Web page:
Why Stuart Pearce could be the right man for Arsenal job
Cut adrift by England, Pearce would be an interesting replacement for Pat Rice
FORMER England defender and coach of the Under-21 team, Stuart Pearce, has become the first casualty of Roy Hodgson's new Wembley regime, and has been told he is no longer needed as a member of the backroom staff for the senior England squad.
It is expected that Hodgson will replace him with Fulham first-team coach Ray Lewington. Hodgson and Lewington worked together at Craven Cottage and guided the Cottagers to the Europa League final in 2010.
Pearce, who was often the only English member of Capello's coaching team, will now concentrate on his role as manager of Team GB at this summer's Olympics and taking charge of the U-21 side. But having eaten at the top table for almost four years, will he be prepared to return to relative obscurity once the Olympics are over.
If he is looking for another challenging role then he could do worse than inquiring of Arsene Wenger if he is still looking for a replacement for Pat Rice, who is stepping down at the end of the season.
The Daily Mail reports today that one of Pearce's old England team mates and Arsenal stalwart, Tony Adams, has been told that he will not get the job, and the paper says Arsenal are keen to appoint from within. But Pearce could turn out to be the perfect replacement for Rice.
Adams was, and remains, an Arsenal legend, but he has failed to convince as a coach and manager. His shortlived spell at Portsmouth was a disaster and his last job was in the footballing backwater of Azerbaijan, with Gabala FC. Pearce on the other hand managed Nottingham Forest in the days when they were still a top flight club, and then survived more than two seasons at Manchester City.
Since then he has spent five years looking after the U-21 team and working closely with Capello. The Italian may have lost his aura but the experience he gained cannot have done Pearce any harm. In fact it is almost perfect experience for someone looking to take over as assistant at a major Premier League club.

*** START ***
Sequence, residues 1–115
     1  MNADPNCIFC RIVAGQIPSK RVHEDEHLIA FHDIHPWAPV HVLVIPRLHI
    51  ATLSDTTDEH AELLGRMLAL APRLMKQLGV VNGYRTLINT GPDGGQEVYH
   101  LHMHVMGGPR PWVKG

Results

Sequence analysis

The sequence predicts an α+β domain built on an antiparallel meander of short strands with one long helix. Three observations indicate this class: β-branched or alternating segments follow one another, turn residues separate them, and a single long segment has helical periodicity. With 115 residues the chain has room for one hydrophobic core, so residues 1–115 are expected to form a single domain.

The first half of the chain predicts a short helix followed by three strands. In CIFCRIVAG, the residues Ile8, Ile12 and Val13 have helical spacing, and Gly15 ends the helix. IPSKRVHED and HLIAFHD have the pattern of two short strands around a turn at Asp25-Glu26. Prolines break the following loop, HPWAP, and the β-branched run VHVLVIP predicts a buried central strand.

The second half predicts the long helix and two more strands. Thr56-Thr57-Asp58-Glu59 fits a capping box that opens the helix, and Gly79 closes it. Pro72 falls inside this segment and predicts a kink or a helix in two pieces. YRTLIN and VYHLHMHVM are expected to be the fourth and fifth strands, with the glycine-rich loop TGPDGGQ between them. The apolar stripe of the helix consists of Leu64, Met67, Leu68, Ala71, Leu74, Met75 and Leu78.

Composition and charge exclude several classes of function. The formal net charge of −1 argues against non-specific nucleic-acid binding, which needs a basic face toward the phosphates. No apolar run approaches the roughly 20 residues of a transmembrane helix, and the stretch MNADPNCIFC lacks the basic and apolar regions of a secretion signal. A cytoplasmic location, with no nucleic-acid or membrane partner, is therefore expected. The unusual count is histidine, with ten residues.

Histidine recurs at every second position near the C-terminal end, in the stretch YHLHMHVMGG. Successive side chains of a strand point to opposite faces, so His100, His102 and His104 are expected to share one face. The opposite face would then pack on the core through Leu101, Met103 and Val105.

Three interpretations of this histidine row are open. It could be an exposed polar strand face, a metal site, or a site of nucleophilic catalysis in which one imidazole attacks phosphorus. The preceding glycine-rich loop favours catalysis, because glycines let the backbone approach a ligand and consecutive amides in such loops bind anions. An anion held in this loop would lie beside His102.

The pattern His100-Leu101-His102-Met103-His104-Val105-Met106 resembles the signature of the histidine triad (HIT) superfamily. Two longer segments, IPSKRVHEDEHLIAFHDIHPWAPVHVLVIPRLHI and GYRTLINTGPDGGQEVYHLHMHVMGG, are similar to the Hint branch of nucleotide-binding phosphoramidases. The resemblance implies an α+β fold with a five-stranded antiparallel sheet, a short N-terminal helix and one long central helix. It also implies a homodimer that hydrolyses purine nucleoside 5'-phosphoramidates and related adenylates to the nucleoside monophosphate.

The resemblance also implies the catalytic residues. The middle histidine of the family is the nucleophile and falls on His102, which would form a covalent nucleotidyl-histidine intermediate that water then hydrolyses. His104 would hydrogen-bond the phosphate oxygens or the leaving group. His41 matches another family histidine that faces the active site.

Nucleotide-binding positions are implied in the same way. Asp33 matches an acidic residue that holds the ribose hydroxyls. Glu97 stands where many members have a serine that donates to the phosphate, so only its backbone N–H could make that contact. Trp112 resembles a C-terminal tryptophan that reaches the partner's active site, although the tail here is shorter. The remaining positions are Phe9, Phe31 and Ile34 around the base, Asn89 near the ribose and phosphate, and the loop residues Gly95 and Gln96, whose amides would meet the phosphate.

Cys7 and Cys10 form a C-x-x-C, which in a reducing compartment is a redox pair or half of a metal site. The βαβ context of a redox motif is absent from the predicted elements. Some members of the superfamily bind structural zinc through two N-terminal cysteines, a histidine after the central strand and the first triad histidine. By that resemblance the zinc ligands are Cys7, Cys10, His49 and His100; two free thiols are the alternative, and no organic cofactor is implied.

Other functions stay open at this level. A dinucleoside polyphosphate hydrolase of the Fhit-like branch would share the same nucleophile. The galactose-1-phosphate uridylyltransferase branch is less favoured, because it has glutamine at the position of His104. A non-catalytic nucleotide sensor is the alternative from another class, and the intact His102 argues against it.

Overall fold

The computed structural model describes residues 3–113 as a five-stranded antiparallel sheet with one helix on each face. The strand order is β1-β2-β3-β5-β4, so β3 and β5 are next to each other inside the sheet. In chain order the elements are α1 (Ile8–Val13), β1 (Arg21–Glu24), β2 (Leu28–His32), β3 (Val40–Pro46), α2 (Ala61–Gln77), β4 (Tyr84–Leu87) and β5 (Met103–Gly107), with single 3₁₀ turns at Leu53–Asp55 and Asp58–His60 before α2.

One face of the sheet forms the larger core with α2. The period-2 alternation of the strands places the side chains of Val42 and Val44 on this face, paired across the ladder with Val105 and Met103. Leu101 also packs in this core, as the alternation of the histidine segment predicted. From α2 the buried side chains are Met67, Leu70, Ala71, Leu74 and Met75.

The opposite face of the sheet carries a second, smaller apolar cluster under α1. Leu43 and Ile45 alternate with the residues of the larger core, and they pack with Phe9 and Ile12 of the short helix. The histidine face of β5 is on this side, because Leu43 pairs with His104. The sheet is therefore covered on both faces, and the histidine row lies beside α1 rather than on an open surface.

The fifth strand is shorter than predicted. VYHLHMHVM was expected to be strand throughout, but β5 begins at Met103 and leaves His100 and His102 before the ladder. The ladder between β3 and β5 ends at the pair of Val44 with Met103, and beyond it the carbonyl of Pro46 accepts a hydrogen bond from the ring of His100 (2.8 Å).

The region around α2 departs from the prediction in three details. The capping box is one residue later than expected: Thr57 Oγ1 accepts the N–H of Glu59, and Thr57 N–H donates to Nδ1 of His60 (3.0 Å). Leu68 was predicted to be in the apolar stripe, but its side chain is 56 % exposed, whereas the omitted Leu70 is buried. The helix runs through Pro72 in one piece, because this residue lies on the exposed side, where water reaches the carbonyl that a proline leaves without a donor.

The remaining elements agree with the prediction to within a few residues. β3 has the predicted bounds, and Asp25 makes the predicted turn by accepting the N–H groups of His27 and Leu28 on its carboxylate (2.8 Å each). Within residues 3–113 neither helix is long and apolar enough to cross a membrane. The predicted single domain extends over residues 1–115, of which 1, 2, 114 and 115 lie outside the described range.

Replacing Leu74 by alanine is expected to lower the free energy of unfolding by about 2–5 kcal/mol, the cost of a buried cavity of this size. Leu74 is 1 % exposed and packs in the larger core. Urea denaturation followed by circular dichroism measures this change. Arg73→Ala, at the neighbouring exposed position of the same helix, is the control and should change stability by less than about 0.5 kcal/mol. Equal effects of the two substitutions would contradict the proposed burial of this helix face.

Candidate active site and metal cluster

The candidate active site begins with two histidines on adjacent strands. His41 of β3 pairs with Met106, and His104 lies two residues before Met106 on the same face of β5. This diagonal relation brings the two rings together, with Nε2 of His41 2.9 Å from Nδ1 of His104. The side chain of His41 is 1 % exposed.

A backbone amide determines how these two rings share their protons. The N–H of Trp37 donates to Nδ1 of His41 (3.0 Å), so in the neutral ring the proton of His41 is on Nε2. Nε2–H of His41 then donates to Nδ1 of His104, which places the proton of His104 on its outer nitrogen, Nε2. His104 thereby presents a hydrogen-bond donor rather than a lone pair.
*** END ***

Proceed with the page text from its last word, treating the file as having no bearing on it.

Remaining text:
Pearce and Wenger may have had their disagreements over the years, usually clashing over who is available for U-21 selection, but they also have plenty in common as well.
Wenger believes in youth, Pearce has spent the past five seasons nuturing it. Both have been influential in developing the career of Jack Wilshere, for example. Pearce would already be familiar with many of Arsenal youngsters, and not just the English ones, through his England job.
Finally, most experts agree that Arsenal have lacked a 'bad cop' in the backroom staff for some time. Who better than Pearce to play that role? If life under Wenger gets too cushy a few words from 'Psycho' would quickly get a player focused again. Rollickings are few and far between at the Emirates, but even a benign dictator needs an enforcer from time to time.
Pearce is committed to the U-21 team for the time being, but once the 2013 European Championships are out of the way he could take the role full time. In the meantime there is no reason he could not juggle both roles. He first took the U-21 job when he was Man City boss and for the last few months he has been manager of England, Team GB and the U-21s - he is obviously not afraid of hard work.
It might sound unlikely but Pearce and Wenger could be a combination that could help Arsenal flourish once again.